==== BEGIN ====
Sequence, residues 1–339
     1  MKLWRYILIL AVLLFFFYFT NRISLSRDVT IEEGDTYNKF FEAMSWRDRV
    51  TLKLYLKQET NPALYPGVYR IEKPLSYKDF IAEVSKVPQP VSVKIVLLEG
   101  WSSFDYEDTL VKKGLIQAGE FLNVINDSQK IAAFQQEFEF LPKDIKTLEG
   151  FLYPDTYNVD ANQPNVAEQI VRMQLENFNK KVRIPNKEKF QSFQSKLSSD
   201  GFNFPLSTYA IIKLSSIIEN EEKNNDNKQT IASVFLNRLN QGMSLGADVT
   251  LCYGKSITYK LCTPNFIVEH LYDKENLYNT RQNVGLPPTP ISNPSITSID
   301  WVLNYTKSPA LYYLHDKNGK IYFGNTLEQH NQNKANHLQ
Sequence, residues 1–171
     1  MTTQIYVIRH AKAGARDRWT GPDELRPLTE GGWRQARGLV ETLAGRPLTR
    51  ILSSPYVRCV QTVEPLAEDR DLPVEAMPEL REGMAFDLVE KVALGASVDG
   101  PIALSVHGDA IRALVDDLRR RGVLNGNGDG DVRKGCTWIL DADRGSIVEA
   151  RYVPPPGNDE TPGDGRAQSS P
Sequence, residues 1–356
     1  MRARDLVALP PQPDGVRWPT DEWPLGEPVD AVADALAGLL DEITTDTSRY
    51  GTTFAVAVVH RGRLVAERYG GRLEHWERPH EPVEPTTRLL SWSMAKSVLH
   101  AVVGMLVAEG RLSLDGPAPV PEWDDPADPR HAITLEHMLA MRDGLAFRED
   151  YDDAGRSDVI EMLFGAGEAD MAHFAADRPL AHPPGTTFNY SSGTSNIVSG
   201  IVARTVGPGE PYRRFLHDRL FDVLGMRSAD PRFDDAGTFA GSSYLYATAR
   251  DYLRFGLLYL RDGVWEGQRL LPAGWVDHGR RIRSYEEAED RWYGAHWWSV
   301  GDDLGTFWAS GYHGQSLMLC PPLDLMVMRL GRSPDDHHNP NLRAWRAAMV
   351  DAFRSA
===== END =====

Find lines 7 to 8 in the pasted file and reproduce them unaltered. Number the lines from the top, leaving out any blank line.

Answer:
   251  LCYGKSITYK LCTPNFIVEH LYDKENLYNT RQNVGLPPTP ISNPSITSID
   301  WVLNYTKSPA LYYLHDKNGK IYFGNTLEQH NQNKANHLQ